The Tomb of the Unknown Soldier: What do you know about it?
1. How many steps does the guard take during his walk across the Tomb of the Unknowns and why? 21 steps
It alludes to the twenty-one gun salute, which is the highest honor given any military or foreign dignity.
2. How long does he hesitate after his about face to begin his return walk and why?
21 seconds; for the same reason as Number 1.
3. Why are his gloves wet?
His gloves are moistened to prevent him from losing his grip on the rifle.
4. Does he carry his rifle on the same shoulder all the time and if not, why not?
He carries the rifle on the shoulder away from the tomb. After his march across the path, he executes an about face and moves the rifle to the outside shoulder.
5. How often are the guards changed?
Guards are changed every thirty minutes, twenty-four hours a day, 365 days a year.
6. What are the physical traits of the guards limited to?
For a person to apply for guard duty at the tomb, he must be between 5′ 10″ and 6′ 2″ tall and his waist cannot exceed 30 inches. They must commit 2 years of life to guard the tomb, live in the barracks under the tomb, and cannot drink alcohol on or off duty for the rest of their lives. They cannot swear in public for the rest of their lives and cannot disgrace the uniform or the tomb in any way. After two years, the guard is given a wreath pin that is worn on their lapel signifying they have served as a guard of the tomb. There are only 400 presently worn. The guard must obey these rules for the rest of his life or give up the wreath pin. The shoes are specially made with very thick soles to keep the heat and cold from their feet. There are metal plates that extend to the top of the shoe in order to make the load click as they come to a halt. There are no wrinkles, folds or lint on the uniform. Guards dress for duty in front of a full-length mirror.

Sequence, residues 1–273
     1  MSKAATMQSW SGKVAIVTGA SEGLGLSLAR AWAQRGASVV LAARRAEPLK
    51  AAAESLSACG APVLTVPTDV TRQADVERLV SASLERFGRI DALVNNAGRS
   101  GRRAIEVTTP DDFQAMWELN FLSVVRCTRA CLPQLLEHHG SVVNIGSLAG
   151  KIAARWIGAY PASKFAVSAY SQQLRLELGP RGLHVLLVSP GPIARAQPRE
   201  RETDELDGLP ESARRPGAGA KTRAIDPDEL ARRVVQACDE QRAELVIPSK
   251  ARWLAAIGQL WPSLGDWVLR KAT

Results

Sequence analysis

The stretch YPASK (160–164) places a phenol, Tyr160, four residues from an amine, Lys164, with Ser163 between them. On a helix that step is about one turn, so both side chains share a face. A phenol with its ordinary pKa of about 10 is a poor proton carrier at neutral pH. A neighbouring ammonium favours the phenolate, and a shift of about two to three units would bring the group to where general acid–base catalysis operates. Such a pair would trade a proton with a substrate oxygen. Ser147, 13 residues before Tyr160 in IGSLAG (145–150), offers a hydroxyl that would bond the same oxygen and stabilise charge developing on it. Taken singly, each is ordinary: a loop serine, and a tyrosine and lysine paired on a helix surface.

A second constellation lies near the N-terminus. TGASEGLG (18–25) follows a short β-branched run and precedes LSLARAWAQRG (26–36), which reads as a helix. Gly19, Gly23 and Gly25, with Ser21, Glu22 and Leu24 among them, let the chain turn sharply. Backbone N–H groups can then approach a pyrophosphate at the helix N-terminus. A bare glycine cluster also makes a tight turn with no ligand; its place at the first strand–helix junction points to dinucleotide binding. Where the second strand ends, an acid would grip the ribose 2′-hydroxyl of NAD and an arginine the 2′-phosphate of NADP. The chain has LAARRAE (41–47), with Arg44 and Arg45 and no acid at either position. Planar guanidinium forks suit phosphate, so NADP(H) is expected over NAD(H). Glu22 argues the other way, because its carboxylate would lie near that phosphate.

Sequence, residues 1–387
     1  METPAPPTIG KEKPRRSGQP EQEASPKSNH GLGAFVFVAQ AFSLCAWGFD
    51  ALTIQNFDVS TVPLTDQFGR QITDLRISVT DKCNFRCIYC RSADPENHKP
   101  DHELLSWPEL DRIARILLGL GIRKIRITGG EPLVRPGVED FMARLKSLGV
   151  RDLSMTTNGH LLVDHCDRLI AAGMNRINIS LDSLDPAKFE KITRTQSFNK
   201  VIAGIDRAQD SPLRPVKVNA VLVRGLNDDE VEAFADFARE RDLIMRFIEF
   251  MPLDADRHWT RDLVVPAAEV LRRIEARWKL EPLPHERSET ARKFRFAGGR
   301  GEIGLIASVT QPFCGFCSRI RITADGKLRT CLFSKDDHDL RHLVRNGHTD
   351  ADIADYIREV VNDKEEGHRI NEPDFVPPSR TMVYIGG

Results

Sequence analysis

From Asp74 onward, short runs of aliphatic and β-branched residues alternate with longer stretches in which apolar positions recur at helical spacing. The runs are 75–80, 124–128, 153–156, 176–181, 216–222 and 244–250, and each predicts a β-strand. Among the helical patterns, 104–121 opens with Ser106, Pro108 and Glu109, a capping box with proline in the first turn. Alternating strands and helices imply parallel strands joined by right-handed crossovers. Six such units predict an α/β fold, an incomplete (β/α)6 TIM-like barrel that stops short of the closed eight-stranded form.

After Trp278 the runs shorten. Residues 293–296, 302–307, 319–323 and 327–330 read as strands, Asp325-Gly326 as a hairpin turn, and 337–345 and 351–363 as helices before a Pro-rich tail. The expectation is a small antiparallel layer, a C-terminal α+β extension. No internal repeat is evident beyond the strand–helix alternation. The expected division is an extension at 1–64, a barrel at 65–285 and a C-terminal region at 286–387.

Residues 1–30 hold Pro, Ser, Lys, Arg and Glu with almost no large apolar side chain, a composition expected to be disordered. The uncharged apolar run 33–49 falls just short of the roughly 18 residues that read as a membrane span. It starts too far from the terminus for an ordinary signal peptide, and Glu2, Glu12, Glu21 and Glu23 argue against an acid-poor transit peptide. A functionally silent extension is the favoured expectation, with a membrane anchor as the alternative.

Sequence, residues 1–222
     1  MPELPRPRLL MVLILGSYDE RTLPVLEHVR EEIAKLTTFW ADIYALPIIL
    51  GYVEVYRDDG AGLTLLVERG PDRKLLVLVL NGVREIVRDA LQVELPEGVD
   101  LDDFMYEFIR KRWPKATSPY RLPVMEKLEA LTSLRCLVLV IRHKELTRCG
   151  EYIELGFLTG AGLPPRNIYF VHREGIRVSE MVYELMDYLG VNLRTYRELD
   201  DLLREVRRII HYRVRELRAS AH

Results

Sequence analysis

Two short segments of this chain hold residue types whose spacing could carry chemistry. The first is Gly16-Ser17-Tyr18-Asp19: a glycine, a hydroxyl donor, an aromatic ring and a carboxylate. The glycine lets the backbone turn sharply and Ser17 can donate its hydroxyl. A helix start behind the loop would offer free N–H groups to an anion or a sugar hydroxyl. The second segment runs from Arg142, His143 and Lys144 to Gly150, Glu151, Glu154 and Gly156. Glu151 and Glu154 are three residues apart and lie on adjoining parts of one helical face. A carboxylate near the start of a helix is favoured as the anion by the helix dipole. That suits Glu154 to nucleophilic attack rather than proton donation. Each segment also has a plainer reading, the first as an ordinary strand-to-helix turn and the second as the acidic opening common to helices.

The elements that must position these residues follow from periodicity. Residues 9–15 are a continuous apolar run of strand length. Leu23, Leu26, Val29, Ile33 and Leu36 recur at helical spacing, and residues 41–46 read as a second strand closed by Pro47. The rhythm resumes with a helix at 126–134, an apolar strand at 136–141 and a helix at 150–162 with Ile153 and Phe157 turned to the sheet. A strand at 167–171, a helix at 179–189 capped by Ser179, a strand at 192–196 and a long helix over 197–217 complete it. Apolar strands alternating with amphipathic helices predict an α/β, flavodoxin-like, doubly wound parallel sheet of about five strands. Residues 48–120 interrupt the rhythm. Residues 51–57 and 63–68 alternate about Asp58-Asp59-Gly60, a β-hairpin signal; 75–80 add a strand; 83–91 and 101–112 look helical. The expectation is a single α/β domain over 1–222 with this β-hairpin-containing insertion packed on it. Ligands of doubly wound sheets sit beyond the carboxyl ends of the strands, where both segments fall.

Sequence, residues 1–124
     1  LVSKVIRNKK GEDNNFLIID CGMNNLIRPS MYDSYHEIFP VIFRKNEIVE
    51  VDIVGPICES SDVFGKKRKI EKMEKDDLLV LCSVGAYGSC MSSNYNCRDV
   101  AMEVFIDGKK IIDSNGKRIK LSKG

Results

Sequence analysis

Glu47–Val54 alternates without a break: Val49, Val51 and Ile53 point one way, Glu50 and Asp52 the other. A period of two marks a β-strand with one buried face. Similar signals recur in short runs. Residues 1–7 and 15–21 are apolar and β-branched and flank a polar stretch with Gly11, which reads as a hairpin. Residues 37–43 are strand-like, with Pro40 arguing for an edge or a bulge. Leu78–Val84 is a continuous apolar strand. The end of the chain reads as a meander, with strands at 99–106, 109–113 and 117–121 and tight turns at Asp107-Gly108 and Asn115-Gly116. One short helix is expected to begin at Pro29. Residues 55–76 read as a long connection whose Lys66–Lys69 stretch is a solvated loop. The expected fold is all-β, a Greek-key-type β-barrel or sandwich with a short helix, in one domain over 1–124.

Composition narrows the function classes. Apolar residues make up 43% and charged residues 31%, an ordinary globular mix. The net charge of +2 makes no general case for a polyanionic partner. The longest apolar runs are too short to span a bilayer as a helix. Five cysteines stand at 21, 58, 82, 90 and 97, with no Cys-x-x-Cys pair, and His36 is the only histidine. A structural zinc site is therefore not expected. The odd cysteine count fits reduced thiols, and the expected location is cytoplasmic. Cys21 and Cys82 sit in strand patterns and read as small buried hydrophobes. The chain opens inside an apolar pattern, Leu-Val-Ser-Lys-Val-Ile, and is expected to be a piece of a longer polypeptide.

The first six months of duty a guard cannot talk to anyone nor watch TV. All off time duty is spent studying the 175 notable people laid to rest in Arlington National Cemetery. A Guard must memorize who they are and where they are interred. Among the notables are: President John F Kennedy, Joe Lewis (the boxer), Medal of Honor recipient Audie L Murphy, the most decorated soldier of WWII, General George Patton IV, and many others.
Every guard spends five hours a day getting his uniforms ready for guard duty. In 2003 as Hurricane Isabelle was approaching Washington, DC, our US Senate and House took two days off from the anticipation of the dangers from the storm. The military members assigned the duty of guarding the Tomb of the Unknown Soldier were given permission to suspend their assignment. They respectfully declined. Soaked to the skin, marching in the pelting rain of a tropical storm, they said that guarding the Tomb was not just an assignment; it was the highest honor that can be afforded to a service person. The Tomb has been patrolled continuously, 24/7, since 1930. Let us remember the guards this day and the Unknown Soldier.
ETERNAL REST GRANT THEM O LORD AND LET PERPETUAL LIGHT SHINE UPON THEM.